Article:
In the case of hypersensitivity to cold, heat or other perceptual stimuli, the observations should be discussed with a doctor. If physical performance drops and sports or professional activities can no longer be carried out, a medical examination is required. In the case of impairments in coping with everyday life, consultation with a doctor is also necessary. If there are behavioral problems, mood swings or other emotional peculiarities, the cause should be investigated.

A decrease in zest for life, general malaise and withdrawal from social life are considered worrying. In many cases there are physical irregularities that should be examined more closely by a doctor. If the back pain spreads to the hips or legs, there is a need for action. A tingling sensation in the back, buttocks or thighs should be discussed with a doctor. If there are functional disorders of the bladder, a doctor’s visit is required immediately.

Treatment & Therapy

The therapy of a root compression syndrome consists of general and special measures. Usually, the implementation of the general measures is started. The more special forms are only used if previous therapy attempts have been unsuccessful.

General therapies include surgical measures (e.g. decompression), physiotherapy, acupuncture and drug-based pain therapy. The scope and type of pain therapy depend on the frequency and intensity of the pain.

If these are acute or start suddenly, peripheral preparations are administered. These are those that act directly at the point where the pain occurs. These include antirheumatic drugs (e.g. parecoxib or etoricoxib ). Muscle relaxants are also administered. These are substances that cause the muscles to relax.

Baclofen (e.g. Lioresal®) is often used. In the case of particularly severe pain, preparations are used that act directly in the brain and prevent the pain stimuli from being transmitted there. Opioids (e.g. tramadol or tilidine ) are also prescribed. In these cases, however, there is a risk of dependency. The special therapeutic measures include further treatment concepts from pain clinics.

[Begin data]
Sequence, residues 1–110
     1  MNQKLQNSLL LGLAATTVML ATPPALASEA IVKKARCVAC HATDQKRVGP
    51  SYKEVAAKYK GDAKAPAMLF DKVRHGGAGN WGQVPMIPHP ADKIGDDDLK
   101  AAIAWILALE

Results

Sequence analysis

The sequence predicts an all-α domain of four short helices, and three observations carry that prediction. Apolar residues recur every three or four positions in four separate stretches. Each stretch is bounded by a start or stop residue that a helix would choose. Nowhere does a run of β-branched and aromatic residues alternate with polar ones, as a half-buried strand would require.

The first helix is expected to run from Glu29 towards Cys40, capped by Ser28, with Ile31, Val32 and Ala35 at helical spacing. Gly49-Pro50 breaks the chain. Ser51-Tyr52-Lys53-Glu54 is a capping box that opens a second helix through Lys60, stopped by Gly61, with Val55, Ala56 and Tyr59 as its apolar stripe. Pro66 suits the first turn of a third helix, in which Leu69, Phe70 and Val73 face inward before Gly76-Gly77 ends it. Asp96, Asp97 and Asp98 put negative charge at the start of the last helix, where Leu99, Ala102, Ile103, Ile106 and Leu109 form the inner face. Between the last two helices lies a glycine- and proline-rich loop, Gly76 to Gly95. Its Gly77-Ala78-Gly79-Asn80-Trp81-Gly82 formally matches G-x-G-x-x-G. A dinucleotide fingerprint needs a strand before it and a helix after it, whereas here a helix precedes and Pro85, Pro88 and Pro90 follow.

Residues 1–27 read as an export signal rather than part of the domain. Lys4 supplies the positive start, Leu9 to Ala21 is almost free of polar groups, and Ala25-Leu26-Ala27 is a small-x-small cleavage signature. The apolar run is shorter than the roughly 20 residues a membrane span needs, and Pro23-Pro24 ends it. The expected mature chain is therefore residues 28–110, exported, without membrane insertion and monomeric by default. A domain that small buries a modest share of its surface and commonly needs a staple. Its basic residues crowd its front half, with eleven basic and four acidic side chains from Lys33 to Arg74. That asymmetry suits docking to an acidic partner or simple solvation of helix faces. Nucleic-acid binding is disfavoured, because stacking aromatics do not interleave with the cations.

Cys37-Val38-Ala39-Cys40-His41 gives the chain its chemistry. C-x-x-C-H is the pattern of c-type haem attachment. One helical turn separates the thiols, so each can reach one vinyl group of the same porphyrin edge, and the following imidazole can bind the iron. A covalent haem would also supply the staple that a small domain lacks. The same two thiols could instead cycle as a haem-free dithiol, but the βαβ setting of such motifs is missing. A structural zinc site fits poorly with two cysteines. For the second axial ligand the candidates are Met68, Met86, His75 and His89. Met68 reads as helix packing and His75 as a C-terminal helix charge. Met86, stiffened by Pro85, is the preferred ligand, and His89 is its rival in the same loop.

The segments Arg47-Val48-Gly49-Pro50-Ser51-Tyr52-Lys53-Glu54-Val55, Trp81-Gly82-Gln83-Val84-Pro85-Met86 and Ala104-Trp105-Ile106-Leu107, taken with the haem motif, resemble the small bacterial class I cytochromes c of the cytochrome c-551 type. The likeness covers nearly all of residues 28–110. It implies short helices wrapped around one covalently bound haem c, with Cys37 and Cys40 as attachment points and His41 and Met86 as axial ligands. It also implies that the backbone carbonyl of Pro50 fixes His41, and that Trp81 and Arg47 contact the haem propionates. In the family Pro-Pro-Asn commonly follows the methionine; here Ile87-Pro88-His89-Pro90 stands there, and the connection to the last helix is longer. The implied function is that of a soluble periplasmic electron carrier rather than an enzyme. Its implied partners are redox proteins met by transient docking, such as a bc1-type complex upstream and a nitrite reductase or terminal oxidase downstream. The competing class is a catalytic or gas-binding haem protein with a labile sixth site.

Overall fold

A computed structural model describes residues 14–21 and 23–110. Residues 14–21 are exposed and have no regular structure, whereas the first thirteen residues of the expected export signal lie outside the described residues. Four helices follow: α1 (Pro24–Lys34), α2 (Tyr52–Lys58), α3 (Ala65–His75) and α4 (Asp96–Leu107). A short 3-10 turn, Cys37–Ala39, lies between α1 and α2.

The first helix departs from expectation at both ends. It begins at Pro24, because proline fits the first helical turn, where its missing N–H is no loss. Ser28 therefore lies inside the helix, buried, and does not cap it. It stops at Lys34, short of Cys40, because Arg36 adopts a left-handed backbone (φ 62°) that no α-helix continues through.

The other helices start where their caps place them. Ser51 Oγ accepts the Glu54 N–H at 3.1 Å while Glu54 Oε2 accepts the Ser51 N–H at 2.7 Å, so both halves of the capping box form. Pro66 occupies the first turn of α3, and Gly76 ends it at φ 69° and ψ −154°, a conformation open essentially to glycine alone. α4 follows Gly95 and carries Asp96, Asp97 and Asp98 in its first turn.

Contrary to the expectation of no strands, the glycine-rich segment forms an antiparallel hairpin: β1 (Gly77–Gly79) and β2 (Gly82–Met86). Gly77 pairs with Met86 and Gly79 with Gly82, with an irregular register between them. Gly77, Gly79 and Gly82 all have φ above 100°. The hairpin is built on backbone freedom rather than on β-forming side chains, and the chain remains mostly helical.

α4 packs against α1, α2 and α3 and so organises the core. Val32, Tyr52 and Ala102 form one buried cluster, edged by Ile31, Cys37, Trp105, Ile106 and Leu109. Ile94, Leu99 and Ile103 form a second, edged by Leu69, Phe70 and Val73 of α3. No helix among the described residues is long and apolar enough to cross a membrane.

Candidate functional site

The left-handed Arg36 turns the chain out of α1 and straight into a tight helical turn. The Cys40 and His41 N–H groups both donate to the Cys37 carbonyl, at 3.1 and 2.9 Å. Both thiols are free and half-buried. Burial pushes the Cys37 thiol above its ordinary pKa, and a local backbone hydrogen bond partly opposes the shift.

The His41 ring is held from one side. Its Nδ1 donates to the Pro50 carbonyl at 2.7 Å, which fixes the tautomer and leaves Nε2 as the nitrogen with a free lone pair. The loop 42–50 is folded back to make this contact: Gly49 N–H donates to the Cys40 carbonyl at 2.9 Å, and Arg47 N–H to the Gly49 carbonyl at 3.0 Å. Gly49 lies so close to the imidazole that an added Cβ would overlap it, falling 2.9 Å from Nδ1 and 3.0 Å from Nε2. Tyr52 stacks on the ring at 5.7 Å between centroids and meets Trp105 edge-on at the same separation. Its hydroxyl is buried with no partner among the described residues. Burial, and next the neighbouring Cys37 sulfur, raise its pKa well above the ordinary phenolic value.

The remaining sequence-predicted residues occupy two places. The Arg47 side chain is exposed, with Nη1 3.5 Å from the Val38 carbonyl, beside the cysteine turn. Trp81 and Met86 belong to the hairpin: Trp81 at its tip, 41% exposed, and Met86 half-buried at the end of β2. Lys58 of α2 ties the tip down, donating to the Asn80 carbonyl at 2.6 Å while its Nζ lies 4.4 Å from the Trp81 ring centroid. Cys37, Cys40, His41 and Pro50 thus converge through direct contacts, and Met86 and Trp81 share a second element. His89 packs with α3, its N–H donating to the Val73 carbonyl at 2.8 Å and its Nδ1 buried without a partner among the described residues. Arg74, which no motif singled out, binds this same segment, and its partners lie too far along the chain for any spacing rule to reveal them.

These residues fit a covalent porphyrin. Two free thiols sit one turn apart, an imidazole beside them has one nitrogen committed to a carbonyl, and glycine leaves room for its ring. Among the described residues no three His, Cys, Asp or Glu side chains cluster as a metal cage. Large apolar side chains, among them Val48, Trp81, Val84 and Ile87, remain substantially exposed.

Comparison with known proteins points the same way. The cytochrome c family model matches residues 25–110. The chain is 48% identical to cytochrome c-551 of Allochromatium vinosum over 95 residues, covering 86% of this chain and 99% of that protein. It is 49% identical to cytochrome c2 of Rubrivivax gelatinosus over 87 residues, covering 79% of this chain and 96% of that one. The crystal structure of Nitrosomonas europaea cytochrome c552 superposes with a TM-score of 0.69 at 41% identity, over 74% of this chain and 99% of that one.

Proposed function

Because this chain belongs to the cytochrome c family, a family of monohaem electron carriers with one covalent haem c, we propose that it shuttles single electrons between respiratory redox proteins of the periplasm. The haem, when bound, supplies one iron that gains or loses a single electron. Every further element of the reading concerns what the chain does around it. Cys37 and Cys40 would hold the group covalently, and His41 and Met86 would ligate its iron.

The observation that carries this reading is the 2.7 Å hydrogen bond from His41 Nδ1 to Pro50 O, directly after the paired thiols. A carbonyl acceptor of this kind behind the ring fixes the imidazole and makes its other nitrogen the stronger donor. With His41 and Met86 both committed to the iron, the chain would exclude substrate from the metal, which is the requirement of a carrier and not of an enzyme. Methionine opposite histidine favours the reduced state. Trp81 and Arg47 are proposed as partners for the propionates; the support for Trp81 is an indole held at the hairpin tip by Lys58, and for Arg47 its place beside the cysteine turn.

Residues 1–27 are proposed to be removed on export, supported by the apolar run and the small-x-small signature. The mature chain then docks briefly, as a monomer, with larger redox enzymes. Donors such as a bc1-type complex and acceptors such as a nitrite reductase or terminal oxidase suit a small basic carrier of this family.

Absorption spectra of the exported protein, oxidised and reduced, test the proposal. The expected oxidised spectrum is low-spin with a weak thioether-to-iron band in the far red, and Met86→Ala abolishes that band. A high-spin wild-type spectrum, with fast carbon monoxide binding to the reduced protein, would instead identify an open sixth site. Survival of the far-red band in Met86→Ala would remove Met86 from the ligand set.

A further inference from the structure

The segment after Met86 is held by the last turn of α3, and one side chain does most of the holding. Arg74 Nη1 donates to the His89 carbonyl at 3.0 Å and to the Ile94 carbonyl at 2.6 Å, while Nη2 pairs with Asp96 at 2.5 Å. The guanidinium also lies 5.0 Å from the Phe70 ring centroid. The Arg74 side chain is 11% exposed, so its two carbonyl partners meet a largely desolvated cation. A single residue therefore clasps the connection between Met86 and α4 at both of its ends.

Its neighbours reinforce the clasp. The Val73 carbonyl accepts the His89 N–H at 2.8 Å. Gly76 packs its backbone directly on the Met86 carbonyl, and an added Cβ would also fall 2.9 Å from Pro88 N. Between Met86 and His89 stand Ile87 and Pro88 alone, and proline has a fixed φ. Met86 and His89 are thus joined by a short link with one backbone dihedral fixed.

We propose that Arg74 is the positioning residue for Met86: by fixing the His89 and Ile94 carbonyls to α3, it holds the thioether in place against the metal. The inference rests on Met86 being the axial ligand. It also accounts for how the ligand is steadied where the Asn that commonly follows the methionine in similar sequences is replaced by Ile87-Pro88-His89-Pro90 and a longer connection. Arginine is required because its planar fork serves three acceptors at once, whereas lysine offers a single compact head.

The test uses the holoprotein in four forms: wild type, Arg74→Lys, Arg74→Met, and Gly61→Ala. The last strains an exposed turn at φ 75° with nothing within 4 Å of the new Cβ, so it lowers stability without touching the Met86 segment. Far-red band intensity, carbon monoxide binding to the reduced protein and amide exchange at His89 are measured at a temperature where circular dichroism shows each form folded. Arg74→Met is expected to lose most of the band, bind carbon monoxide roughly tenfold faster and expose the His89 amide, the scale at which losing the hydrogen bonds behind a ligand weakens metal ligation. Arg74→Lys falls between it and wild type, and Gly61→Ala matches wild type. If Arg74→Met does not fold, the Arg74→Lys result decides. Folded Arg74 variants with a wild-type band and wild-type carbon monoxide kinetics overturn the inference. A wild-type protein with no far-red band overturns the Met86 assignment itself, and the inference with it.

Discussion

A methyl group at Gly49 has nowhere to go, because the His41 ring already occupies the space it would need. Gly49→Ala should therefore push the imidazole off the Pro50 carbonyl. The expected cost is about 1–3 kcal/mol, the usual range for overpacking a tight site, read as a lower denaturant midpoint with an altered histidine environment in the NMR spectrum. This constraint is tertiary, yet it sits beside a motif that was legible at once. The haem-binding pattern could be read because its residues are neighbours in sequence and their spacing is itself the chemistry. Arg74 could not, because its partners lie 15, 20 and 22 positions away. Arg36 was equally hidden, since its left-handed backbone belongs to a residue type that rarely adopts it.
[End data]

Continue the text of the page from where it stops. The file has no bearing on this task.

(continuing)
Prevention

A strengthened back musculature is suitable for prevention. In addition, activities that can lead to wear and tear in the spine area should be reduced.

Aftercare

In the case of a root compression syndrome, the options and measures for direct follow-up care are in most cases significantly limited. Therefore, those affected should ideally consult a doctor at an early stage and also initiate treatment to prevent the occurrence of other symptoms and complications. It is often not possible to heal on its own, so that those affected are always dependent on treatment by a doctor.

At the first signs, it is advisable to consult a doctor. In most cases, root compression syndrome can be relieved well with the help of physical therapy or physical therapy. The person concerned can also carry out many of the exercises at home in order to prevent the occurrence of other complaints and to speed up healing.

In some cases, this disease also requires the use of medication. Those affected should pay attention to the prescribed dosage and regular intake in order to alleviate the symptoms. If anything is unclear or if there are severe side effects, a doctor should be consulted. The syndrome does not usually reduce the life expectancy of the affected person.

You can do that yourself

This painful condition needs medical treatment. Depending on the type of complaint, the family doctor will coordinate the various therapeutic approaches such as pain therapy, acupuncture, physiotherapy or even surgery. The patient would do well to follow the doctor’s advice and take the medication regularly (“compliance”). This is especially true when root compression syndrome is caused by a disease such as a tumor.

If the symptoms limit the patient’s quality of life so much that he withdraws, psychotherapeutic crisis intervention is indicated. In order to support the body’s own immune system and thus ensure a better general condition, the patient is advised to lead a healthy lifestyle. This primarily includes avoiding stimulants such as nicotine and alcohol, because they unnecessarily weaken the body. A diet rich in vitamins and fiber, on the other hand, rebuilds the body. In addition, the patient should exercise as much as possible, such as going for regular walks, swimming or cycling. Adequate rest is also important.

The patient can also do a lot for better pain management. Learning and using relaxation techniques, for example, can take the edge off the pain in an acute case. Relaxation techniques can be breathing or meditation exercises, as taught in yoga, or Jacobson’s progressive muscle relaxation.

Root Compression Syndrome